While you may know a bit about VoIP by now, there are still many more keywords that are tossed around in the VoIP community. I’m here to help you sort through that, so when someone says to you “oh it sounds like you need an ATA” or “how do you feel about using a softphone” you’ll know just what they are talking about. Think of this as a nifty guide that you can reference whenever you get confused with VoIP terminology. I’ve broken the definitions down into a few different categories: The Basics, Service Related Terms, and VoIP Accessories.
VoIP (Voice over IP)
Let’s start with the reason you’re here – VoIP. The abbreviation stands for Voice over Internet Protocol, which means delivering voice over an internet connection. This technology allows you to have phone service anywhere in the world as long as you have a high-speed Internet connection.
PSTN (Public Switched Telephone Network)
The term used for the international telephone network that carries analog voice calls. The PSTN provides traditional Plain Old Telephone Service (POTS), also known as “landline phone” service, to residences and businesses.
POTS (Plain Old Telephone Service)
Commonly used term to describe the bare bone dial tone feature provided by most analog phone service providers. POTS has been around for over 100 years and is the basic form of residential and business telephone service in most parts of the world.
VoIP PBX (Private Branch Exchange)
Standard PBX operates as a connection between the PSTN and a business’s internal telephones, fax machines and extensions. VoIP PBX provides similar services but through a company’s data network rather than the PSTN. Basically, PBX is the system that controls everything related to your phones.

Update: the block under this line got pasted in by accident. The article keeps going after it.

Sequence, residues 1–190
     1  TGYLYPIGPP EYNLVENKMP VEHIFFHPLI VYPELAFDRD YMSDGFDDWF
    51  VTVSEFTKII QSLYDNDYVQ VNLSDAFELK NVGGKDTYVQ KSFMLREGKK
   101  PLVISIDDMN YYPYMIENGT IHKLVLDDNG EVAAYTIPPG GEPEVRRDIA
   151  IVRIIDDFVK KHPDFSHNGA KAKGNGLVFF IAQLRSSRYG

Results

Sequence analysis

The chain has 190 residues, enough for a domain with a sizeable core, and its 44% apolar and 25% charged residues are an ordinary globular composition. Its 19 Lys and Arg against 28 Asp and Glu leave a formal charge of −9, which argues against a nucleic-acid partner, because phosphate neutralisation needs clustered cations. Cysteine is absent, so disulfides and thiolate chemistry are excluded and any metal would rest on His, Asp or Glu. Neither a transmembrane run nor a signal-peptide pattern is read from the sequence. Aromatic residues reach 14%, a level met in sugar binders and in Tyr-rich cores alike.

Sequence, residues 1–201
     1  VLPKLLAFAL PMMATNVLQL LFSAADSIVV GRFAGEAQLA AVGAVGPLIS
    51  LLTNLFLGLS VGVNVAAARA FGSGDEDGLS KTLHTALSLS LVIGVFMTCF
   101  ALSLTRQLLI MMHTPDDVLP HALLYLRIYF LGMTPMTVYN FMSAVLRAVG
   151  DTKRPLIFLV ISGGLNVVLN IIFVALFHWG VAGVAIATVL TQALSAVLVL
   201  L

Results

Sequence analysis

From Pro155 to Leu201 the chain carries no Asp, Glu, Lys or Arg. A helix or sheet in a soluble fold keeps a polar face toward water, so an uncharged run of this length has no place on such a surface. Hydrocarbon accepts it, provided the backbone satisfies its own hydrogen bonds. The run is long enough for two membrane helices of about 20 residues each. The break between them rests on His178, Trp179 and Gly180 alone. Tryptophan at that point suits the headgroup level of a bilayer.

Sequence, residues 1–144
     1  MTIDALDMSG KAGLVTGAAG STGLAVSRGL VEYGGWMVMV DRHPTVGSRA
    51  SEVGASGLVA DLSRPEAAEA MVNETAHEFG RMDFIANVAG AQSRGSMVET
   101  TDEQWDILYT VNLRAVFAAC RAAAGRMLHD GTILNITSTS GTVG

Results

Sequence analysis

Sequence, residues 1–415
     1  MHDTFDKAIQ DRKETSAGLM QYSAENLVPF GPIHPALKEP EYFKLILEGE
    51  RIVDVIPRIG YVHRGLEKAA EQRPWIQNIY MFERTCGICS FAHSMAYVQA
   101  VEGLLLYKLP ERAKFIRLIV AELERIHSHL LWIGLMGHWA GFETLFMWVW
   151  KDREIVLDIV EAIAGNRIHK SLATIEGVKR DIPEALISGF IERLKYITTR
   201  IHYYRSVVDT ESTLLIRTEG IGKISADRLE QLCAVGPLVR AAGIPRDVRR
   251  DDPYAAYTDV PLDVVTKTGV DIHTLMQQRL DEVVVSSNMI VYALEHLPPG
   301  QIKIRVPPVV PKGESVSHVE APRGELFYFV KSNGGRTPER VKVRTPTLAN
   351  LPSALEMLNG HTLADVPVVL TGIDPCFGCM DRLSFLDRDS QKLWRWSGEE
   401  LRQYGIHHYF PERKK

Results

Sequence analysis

PoE (Power over Ethernet)
Power over Ethernet is a technology which allows a single cable to provide both data connection and electrical power. This technology is useful for powering IP telephones or network cameras where it would be costly to run power separately. It also minimizes the amount of cables needed and eliminates the need to install extra outlets.
Service Related Terms:
A term used to define high speed Internet connection. Bandwidth is the amount of data that can be transmitted in a fixed amount of time. Telonium has a tool on our website that can be used to determine whether or not your internet is fast enough for VoIP.
Used to describe a service which is hosted in the Internet, rather than you having a physical device.
QoS (Quality of Service)
The ability of a network to deliver traffic with minimum delay and maximum availability.
LNP (Local Number Portability)
Local Number Portability refers to the ability to transfer either an existing fixed-line or mobile telephone number assigned by a local exchange carrier and reassign it to another carrier.
ATA (Analog Telephone Adaptor)
This is a small adaptor that you plug into a normal analog phone to allow it to connect to a VoIP network and send calls over the Internet.
Sometimes called a VoIP phone, this is a phone which connects to a standard data network and is used to make telephone calls over the Internet. An IP Phone looks exactly like a regular telephone but instead of connecting to the phone line jack on the wall, it connects into a router.
An application or program which runs on a computer that allows you to make and receive calls, using a VoIP phone system or service. A softphone is designed to mimic the functions of a real telephone and often appears to look like a regular telephone on the screen. It is typically used with a headset to help improve the call quality. Skype is an example of a Softphone application.
I hope this list pushed you a little further towards understanding the world of VoIP. As always, if you have any questions or comments for me, I’d love to chat. You can contact me at <my first name>@telonium.com. Until next time.